The ADM-3A terminal pre-dates the famous DEC VT-100 terminal, but since [Morgan]’s new acquisition speaks RS-232, he had a good shot at getting it to work with one of his more modern boxes. He’s using a Windows laptop loaded up with FreeBSD in a VM to talk to the terminal. Surprisingly, the only additional hardware required was a USB to serial cable and a DE9-DB25 serial adapter.

It may not be as cool (or as loud) as Quelab’s Teletype ASR-35 they have set up for Zork sessions, but it’s great to see ancient hardware have some
use. Right now, [Morgan] is editing files with vi and of course playing Zork. Seems like there’s plenty of life left in this old dumb terminal. After looking for an old VT-100 for a while now, I’ve got to say I’m pretty jealous.

Only losers text message on cellphones – this guy carries his own teletype for that

Yes, that’s an SMS text messaging device. [Mdziewie] decided that texting on a regular cellphone was too boring and decided to build himself an old-school SMS gateway. Here’s a translated link but the formatting of the forum post gets screwed up with the machine translation.

The device he’s using is an ASR-33 Teletype machine, which was introduced to the market in 1963. It is connected to a GSM modem via an ARM microcontroller, the STM32F103. This chip, along with a few electronic components, let [Mdziewie] design an interface that doesn’t require alteration to the ancient hardware. The forum post linked above includes video of this sending and receiving texts. It’s awesomely loud as it hammers away at the paper, and seems to work as expected.

If you hunger for one of your own but don’t have half-century old equipment there’s still hope. Find yourself a typewriter and turn it into a teletype machine.

Teletype Twitter frontend

The folks from NYC Resistor got their hands on a teletype machine and hacked it to monitor Twitter. This eighty-year-old beast bangs out messages that it receives at 45.45 baud. This isn’t a project that turns something into a teletype, but rather finds a different way to feed the machine data. In this case, a python script parses Twitter and sends the data it finds to an Arduino board. The Arduino in turn formats the message into the serial format necessary to communicate with the device. To the left you can see a trend plotter, learn more about both in the video after the break.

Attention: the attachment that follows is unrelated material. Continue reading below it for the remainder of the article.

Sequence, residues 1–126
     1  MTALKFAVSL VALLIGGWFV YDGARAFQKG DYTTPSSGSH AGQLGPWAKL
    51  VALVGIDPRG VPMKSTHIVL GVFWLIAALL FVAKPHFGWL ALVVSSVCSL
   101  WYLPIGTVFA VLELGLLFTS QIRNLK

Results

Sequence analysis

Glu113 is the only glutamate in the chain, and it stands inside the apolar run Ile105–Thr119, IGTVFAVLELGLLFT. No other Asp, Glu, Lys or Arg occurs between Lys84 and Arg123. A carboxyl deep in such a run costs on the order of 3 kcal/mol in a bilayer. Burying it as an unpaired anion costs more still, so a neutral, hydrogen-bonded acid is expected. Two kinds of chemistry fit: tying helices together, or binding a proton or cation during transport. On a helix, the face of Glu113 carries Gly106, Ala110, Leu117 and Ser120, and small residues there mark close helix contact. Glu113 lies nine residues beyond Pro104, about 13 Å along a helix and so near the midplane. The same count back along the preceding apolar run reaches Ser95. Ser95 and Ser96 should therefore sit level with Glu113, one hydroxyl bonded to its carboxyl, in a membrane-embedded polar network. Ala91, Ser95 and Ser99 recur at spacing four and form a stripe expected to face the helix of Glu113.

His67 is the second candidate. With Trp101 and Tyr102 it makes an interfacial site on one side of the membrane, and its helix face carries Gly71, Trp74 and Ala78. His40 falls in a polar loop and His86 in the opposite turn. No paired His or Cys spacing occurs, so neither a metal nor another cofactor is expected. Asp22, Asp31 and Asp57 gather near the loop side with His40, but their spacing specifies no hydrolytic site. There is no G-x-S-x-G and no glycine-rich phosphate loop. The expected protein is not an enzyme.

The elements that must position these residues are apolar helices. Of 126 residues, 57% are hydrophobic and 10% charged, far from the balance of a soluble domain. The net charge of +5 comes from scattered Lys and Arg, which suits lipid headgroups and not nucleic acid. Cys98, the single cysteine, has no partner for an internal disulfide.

Continue reading “Teletype Twitter frontend”

Teletype machine from an electric typewriter

This project, by an unknown hacker, patches into an electric typewriter and uses it as a Teletype. An AVR ATmega168 microcontroller patches into the key matrix of the typewriter which allows it to artificially type. Now, data can be sent over a serial connection to the AVR for output on the typewriter.

We’re not quite sure what this is going to be used for.  We’ve seen hacks like this for Twitter reading in the past but he makes no mention of that type of use. Personally, we’d like to have this just to “print” out the occasional letter. Typewriters are so rarely used these days it would be a bit peculiar to get a letter that has the dimpled impressions associated with slamming a die into a piece of paper.